It went superbly, and I can’t thank the players enough for joining in. It might seem like quite a bit of extra effort, but trust me, the pay off is worth it. So there you have it, a moment of GMing epicness, and it came from a rather annoying young man who had only just discovered the thrill of being a GM. Take from that hope, all new GMs, that when you have a crazy idea about doing something that seems totally off kilter, it could just end up being something that people still talk about for years to come.

Nov 122012
 

I almost didn’t write about this topic because of some slightly flawed logic. I reasoned that if this was a good idea, someone else must have had it already. So either the work had already been done by someone else, or it just wasn’t a good idea. In the end though I figured that even if it had been touched on in the past, other writers could have gotten to this point by following a different path. Also, if there are people who don’t like the idea, then at the least, I should explain to them why I like it based on my own experience.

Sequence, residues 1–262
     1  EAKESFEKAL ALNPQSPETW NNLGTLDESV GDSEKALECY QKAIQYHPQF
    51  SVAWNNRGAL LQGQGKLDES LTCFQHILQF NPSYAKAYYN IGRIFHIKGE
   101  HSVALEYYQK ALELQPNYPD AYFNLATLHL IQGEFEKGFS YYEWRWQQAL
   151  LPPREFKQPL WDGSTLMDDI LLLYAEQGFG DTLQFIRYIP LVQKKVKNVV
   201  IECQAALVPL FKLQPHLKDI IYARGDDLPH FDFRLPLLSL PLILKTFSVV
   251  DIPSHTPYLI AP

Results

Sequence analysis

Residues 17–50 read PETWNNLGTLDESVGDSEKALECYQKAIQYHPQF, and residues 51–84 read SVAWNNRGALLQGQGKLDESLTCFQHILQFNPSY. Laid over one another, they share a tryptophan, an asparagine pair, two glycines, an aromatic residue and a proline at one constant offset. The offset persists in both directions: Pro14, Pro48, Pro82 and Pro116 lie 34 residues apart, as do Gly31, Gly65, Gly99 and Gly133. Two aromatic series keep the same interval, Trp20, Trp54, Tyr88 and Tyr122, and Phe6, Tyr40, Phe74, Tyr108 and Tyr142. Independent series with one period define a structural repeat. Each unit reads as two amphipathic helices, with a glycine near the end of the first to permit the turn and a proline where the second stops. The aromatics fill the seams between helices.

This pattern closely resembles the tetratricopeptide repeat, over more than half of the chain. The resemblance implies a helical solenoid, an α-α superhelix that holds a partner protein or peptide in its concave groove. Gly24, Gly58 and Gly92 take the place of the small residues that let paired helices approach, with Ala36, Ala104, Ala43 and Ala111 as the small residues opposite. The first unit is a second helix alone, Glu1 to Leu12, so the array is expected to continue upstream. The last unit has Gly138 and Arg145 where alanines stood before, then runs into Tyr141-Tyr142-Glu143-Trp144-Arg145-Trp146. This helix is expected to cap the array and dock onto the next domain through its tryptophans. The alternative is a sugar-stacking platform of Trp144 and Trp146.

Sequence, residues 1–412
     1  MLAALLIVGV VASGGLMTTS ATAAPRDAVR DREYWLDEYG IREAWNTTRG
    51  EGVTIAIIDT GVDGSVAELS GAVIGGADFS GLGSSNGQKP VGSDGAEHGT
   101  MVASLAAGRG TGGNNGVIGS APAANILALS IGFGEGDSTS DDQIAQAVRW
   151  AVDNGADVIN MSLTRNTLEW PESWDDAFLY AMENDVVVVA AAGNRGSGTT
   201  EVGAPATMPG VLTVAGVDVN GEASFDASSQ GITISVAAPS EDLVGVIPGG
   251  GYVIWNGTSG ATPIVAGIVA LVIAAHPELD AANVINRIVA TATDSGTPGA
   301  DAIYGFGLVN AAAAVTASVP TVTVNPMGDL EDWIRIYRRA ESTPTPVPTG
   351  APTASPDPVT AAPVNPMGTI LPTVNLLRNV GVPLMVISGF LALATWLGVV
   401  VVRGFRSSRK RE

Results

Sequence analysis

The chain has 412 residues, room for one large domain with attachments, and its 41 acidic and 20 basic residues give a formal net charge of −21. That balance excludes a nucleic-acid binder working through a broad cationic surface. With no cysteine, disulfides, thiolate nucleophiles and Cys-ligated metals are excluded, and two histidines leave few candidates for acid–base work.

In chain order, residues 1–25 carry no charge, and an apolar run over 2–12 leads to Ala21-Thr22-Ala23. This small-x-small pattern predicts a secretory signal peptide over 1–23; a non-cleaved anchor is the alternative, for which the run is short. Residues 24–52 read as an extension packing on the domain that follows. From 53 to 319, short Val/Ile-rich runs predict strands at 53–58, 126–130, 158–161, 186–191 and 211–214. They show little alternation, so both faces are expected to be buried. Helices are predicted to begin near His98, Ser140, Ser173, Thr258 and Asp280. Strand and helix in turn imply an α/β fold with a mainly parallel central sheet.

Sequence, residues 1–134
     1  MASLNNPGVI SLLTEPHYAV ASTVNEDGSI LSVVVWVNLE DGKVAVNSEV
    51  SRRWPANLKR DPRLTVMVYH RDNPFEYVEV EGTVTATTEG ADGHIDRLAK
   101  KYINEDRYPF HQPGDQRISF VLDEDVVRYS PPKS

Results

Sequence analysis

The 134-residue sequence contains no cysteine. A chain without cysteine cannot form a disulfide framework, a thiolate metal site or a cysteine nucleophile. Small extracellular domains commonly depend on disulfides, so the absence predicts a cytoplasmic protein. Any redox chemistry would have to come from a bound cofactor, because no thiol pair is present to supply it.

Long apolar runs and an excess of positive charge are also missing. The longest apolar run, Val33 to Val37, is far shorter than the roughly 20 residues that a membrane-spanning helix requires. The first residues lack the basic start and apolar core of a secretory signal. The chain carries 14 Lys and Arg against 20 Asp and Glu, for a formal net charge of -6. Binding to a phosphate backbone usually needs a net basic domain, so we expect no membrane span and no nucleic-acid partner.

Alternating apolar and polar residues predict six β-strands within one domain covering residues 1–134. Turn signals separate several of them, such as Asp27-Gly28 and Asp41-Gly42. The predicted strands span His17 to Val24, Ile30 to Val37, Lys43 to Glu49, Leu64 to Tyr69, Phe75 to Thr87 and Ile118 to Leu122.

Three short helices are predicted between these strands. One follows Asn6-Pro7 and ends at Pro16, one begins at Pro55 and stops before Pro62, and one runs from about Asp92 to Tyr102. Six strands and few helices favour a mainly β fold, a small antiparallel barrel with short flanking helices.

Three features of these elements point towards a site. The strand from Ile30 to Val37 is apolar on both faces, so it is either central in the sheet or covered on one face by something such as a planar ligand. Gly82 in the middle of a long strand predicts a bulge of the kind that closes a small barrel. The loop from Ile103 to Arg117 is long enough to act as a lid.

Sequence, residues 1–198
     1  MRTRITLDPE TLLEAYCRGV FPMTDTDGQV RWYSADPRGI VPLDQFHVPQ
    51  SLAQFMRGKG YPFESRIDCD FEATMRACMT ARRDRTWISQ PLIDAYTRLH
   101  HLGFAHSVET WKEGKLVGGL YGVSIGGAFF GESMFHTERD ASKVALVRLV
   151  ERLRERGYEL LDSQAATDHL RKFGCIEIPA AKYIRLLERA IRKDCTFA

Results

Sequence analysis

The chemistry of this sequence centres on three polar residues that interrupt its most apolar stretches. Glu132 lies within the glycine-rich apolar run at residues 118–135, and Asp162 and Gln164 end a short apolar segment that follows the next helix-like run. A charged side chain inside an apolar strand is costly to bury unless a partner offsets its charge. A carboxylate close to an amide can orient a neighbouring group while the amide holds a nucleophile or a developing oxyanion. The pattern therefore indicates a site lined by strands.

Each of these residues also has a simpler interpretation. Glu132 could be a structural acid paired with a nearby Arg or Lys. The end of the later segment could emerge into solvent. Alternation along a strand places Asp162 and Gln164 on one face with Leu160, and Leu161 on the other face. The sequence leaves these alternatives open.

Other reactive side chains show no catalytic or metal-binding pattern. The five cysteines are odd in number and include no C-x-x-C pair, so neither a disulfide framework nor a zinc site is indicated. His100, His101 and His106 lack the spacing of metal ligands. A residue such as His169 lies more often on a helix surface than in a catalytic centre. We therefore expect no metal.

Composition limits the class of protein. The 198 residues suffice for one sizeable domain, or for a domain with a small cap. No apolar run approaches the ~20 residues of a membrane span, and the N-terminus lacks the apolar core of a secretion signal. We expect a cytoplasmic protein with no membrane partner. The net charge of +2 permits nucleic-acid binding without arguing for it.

This comes on the back of the first couple of sessions of my current campaign. The characters were all created in a vacuum because of the way the game was going to start. Details are through the previous link, but short story is that the characters don’t have a clue about the world they exist in. This meant that it was totally possible for someone to lovingly craft a character, and after two sessions realise that it is almost totally untenable based on the world they now find themselves in. I knew this could be an issue so I have offered everyone the option for a bit of a rebuild after the next game, just in case they’re unhappy.